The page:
Anthony’s no fool when it comes to claiming horses

from the Meadowlands Publicity Department

East Rutherford, NJ — You can hear it in the sound of his booming voice.

Veteran trainer and track announcer George Anthony is excited about his recent acquisition, Don’t Fool Me Now.

“This is one of my best claims in at least 10 years,” Anthony said. “It ranks right up there with Feathery Fame (a $55,000 claim who went on to bank more than $275,000).”

The 4-year-old pacer will race in the opening round of the Complex Series on Friday night (Jan. 11) at the Meadowlands. A total of 17 pacers (4- and 5-year-olds) have been split for round one, carded as races three and five. The Complex shares billing with four divisions of the Clyde Hirt Series.

“We claimed this one at Woodbine (October 21, 2007) for $37,500, which is a bargain price in this market,” Anthony explained. “It was the first time he was in a claimer. My wife, Jade, spotted him here in the past performances. She brought him to my attention and we saw he had consistent efforts. We examined all of his lines and decided to watch some of his replays. He had nice size, won a lot of races and showed miles in 1:52 and change. There were a lot of positive factors like being by Camotion, which meant he could get better with age. We decided to fly up to Canada and take him.

“He hadn’t raced for three weeks prior to the night we claimed him,” he continued. “We thought they were using the claiming allowance to their advantage, but we were willing to spend the extra money. We thought he was worth it. That night he closed really well, but finished sixth and scoped sick.”

Anthony left his newest acquisition to finish the year at Woodbine under the care of trainers John and Nikolas Drennan.

“A couple of weeks later, he won in 1:52,” Anthony noted. “He sat a two hole trip, got backed into really bad, had to swing wide and when (driver) Rick Zeron pulled him out, he exploded. The next week he wired the field in 1:51.1, and Zeron got off the bike raving about him. In his last two starts at Woodbine, He caught a lot of pressure on the lead and finished a brave second both times.”

Although the gelding’s Meadowlands debut on December 22, 2007 was not as sharp as those efforts, he rebounded with a strong rally to finish a close second in a conditioned event last week.

“(In his first Meadowlands start) there was a recall, he got parked from post nine and scoped sick after the race,” Anthony said. “We treated him with antibiotics and cleaned him up. Last week, he was back to his old self. I told (driver) Brian Sears you could race him any way you want. He’s very versatile, which is a huge asset. Plus, he has a lethal brush you can use anywhere in the mile. I think he’s a little better from off the pace and he’s made for the big track.

“Initially, we made some adjustments to his bridle and shoeing, and this horse really took to our approach to training him lightly,” he added.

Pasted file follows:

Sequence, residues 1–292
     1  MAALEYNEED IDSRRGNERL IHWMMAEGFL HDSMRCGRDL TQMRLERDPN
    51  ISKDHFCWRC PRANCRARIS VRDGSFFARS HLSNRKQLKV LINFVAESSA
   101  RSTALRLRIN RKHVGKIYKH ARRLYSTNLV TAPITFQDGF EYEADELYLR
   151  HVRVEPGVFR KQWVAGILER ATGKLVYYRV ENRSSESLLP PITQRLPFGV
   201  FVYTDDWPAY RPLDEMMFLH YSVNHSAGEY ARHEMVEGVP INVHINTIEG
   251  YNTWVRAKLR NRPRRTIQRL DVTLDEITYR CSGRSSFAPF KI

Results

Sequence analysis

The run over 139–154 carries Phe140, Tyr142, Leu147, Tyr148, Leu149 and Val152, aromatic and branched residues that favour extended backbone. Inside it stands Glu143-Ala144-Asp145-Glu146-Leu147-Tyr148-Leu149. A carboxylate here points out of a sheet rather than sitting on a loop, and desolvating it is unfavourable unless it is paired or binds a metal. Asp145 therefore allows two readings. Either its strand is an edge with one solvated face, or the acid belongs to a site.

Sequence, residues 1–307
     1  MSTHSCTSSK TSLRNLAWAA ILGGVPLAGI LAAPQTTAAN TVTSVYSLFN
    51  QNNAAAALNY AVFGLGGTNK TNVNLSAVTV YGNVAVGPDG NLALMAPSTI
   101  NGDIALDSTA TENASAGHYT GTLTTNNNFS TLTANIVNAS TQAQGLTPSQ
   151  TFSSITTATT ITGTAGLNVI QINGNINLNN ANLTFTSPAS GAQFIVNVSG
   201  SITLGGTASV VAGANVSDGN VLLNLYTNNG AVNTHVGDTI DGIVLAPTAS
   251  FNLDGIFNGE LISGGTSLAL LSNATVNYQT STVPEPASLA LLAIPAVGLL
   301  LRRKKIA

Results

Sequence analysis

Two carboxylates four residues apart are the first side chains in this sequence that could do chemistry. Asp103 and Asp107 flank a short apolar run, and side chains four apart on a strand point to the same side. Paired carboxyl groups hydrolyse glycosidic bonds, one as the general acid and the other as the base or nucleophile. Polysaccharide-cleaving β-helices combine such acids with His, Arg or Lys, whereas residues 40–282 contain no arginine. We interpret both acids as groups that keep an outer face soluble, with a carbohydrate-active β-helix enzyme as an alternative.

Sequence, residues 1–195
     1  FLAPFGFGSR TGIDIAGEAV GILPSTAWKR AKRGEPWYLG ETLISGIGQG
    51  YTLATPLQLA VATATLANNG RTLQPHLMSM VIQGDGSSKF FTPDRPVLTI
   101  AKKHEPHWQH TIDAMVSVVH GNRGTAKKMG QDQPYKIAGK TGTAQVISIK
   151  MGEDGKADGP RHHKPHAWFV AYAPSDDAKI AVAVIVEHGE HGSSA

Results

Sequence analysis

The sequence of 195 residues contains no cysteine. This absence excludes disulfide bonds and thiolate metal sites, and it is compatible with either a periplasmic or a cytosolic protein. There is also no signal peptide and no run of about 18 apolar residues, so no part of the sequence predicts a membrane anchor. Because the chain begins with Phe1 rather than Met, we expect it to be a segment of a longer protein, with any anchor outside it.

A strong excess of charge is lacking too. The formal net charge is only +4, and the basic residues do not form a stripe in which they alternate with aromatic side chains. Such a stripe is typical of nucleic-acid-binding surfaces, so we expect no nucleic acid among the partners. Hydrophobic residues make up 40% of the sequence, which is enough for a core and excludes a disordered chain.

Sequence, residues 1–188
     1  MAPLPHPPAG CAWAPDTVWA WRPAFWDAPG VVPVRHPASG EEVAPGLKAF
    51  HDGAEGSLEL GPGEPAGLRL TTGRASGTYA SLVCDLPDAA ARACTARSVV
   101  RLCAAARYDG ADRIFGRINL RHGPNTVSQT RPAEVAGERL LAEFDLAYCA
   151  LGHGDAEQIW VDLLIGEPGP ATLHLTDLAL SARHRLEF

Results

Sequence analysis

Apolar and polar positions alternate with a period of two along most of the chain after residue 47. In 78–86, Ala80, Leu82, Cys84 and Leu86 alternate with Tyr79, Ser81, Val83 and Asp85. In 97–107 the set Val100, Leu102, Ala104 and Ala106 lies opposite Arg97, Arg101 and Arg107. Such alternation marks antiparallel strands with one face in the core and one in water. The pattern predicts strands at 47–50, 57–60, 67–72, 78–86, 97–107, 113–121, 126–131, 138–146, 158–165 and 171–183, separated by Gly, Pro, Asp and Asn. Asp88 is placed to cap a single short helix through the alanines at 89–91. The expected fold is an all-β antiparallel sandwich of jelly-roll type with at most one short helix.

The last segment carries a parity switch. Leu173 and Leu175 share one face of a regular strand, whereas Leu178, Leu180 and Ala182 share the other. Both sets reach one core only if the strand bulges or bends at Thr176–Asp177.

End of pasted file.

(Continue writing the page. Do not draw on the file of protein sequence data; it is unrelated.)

“He’s almost like a Thoroughbred and doesn’t need a lot of work.

“There’s no question he’s a prime candidate for a series like the Complex and we took that into account when we claimed him. He’s also in the Exit 16W (series at the Meadowlands).”

Anthony, 58, is a former New York City police officer who started in the racing business as a track announcer at Ocean Downs in Maryland. Except for a couple of years prior to 2002, when he indulged in his passion for world travel, Anthony has spent three decades in the sport. Nicknamed “The King” and dubbing his stable “The Kingdom” for his dominance of New York tracks in the early 1990s, Anthony is a colorful presence on the Meadowlands backstretch.

“I’m 58 and this is my 32nd year in the business,” he said. “If it ever comes to a point where I’m not having any fun, then I’ll just announce the races. I’m elated to be going back to Ocean Downs this summer. I worked there last year and that’s where I first started back in 1977.

“Thirty years later, their general manager, Pete Syzmanski, gave me a wonderful opportunity and treated me very well. I’m looking forward to many more years there.”

Anthony and his wife, Jade, are partners in Don’t Fool Me Now with Darryl Gombert, who owns a commercial and residential drafting business and resides in Rutherford, N.J. The Anthonys, who live in Fort Lee, N.J., race as Hankook Stable. George credits Jade as a quick study who has been instrumental in both helping them search out horses to claim and recruiting new horse owners from their surrounding community.

“My wife, Jade, is Korean,” he said. “The stable name means Korean, and we did it to appeal to Korean people. We are advertising and in the process of getting Korean people interested in this great sport and owning horses. It is a vast, untapped market that surrounds the Meadowlands.

“Our trotter, Close Encounter, has made us almost $80,000,” he noted.

“My wife picked him out of a $20,000 claimer. She loves this racing business and keeps a database of horses on her computer. She also likes to come to the barn every morning. A few years ago, she had never been to a racetrack in her life.”

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